photos by Paul Bardagjy
Landmarks artist James Turrell discusses his involvement in the filming of Stanley Kubrick’s 2001: A Space Odyssey
In the early days of his career, Landmarks artist James Turrell worked on the set of Stanley Kubrick’s 2001: A Space Odyssey — a little-known fact that Turrell first spoke publicly about in PRI’s Studio 360 “American Icons” radio series. The audio of this interview is included in the second half of PRI’s two-part radio program covering 2001: A Space Odyssey.
In the mid-1960s, Turrell was working as a pilot in southern California as he was beginning to experiment with light as medium in his art. He was hired to help Kubrick with visual effects on the film set and was, in his own words, a “grunt,” running errands and helping out with odd jobs. In the interview, Turrell describes being starstruck by Kubrick, and notes with pride that Kubrick knew him by name, despite his small involvement in the film.
Turrell also describes his ongoing Roden Crater project. This naked-eye observatory within a volcanic crater in northern Arizona has been under construction since 1979 and is currently slated to open to the public in 2025. For this project, Turrell describes his interest in “trying to make people feel that we’re on a planet now […] we’re already in space.” Turrell adds, “To think we’re alone in this universe is the height of arrogance.”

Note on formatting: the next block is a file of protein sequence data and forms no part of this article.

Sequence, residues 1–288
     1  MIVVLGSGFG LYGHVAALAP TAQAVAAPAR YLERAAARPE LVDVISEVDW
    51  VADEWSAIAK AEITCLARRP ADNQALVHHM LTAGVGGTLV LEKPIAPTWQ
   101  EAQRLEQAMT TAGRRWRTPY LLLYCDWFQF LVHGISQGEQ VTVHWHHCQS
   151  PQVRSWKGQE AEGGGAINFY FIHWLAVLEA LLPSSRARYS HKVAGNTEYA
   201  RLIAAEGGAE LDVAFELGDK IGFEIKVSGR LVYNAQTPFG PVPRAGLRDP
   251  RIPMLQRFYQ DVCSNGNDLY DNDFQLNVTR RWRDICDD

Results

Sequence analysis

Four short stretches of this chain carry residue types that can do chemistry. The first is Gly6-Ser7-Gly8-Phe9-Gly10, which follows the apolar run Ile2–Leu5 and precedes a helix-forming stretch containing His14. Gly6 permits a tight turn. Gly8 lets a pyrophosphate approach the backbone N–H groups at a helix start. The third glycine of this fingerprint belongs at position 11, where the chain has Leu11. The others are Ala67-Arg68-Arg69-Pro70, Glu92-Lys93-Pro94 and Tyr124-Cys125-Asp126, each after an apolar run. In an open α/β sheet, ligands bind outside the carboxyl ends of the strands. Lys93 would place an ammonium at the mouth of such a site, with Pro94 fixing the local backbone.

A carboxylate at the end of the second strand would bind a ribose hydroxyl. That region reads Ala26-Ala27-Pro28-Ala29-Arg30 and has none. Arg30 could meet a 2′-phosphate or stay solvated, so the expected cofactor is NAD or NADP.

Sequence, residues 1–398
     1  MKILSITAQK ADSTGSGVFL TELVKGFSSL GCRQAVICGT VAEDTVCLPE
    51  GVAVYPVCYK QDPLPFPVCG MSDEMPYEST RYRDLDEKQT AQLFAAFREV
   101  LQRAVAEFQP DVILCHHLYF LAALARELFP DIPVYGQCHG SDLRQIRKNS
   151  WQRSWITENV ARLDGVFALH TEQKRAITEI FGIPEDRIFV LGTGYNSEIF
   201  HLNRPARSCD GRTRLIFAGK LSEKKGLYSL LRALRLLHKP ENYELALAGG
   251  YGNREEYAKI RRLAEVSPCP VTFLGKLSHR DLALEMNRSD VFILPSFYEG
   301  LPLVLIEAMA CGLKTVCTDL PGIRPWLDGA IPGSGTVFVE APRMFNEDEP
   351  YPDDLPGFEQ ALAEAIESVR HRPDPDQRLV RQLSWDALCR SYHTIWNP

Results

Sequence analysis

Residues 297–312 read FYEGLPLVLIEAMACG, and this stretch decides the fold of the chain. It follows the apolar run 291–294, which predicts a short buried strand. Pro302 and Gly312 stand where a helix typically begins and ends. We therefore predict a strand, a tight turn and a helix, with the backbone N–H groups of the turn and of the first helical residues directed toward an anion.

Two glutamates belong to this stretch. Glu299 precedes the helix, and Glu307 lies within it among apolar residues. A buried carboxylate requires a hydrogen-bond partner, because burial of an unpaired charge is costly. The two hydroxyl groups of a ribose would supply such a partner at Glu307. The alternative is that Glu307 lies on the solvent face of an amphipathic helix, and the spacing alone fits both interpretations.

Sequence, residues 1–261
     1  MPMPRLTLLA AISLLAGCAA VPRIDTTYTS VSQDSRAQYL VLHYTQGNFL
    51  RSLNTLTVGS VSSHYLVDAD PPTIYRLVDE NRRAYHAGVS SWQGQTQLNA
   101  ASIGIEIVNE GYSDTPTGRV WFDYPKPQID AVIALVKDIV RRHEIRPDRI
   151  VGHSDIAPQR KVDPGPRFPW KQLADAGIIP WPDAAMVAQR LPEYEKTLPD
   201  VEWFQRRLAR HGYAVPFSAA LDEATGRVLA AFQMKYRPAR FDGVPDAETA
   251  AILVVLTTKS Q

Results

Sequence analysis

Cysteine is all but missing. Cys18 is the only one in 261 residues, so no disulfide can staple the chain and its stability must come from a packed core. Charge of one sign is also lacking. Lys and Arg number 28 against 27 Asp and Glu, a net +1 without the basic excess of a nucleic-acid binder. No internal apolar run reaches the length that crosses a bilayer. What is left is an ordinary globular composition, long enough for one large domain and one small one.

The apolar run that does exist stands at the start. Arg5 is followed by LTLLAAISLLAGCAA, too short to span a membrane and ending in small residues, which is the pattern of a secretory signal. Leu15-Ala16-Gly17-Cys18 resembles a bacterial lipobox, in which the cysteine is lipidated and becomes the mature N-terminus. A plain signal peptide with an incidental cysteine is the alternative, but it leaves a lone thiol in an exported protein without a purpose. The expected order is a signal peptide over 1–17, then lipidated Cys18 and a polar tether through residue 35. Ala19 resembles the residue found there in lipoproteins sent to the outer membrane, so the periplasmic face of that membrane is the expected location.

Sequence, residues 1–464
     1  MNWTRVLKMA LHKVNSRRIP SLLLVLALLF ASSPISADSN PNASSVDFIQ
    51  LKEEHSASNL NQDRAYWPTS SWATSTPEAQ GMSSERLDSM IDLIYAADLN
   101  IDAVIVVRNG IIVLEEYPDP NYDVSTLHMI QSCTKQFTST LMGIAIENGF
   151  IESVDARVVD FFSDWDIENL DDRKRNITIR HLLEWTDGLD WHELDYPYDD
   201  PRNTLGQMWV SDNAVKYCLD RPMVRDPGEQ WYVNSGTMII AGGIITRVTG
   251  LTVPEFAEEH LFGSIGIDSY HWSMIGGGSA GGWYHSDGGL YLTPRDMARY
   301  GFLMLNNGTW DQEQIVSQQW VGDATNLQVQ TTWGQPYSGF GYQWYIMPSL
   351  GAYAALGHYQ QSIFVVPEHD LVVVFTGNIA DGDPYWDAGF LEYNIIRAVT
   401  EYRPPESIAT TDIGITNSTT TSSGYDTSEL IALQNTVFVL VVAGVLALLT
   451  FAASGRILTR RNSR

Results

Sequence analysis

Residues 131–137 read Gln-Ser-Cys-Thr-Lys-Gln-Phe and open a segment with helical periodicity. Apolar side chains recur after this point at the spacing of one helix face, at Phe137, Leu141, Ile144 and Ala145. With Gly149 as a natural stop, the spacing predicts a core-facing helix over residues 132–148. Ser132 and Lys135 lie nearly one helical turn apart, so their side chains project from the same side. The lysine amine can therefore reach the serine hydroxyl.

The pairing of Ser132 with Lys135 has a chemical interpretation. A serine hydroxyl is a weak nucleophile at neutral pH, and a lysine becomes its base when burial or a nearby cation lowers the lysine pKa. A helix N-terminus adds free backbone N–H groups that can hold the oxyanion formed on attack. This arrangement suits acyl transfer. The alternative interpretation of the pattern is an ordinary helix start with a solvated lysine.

Along with a discussion of James Turrell’s involvement in 2001: A Space Odyssey, the 52-minute radio segment from PRI discusses the future of artificial intelligence, connections between modern technology and that of Kubrick’s film, the legacy 2001: A Space Odyssey has left for other space movies, and different possible interpretations of the film.
PRI’s “American Icons” radio series takes the listener inside some of America’s most influential works of art, including The Great Gatsby, Native Son, and I Love Lucy. Listen to the two-part 2001: A Space Odyssey program and discover more stories on the “American Icons” webpage.
Landmarks commissioned The Color Inside, a Skyspace by James Turrell, in 2013. The installation is located on the rooftop of the Student Activity Center (SAC) building, at 2201 Speedway. This summer, the Skyspace is open to the public Monday through Friday from 7am to 9:30pm. Learn more and visit The Color Inside website to secure your free sunset light sequence reservation.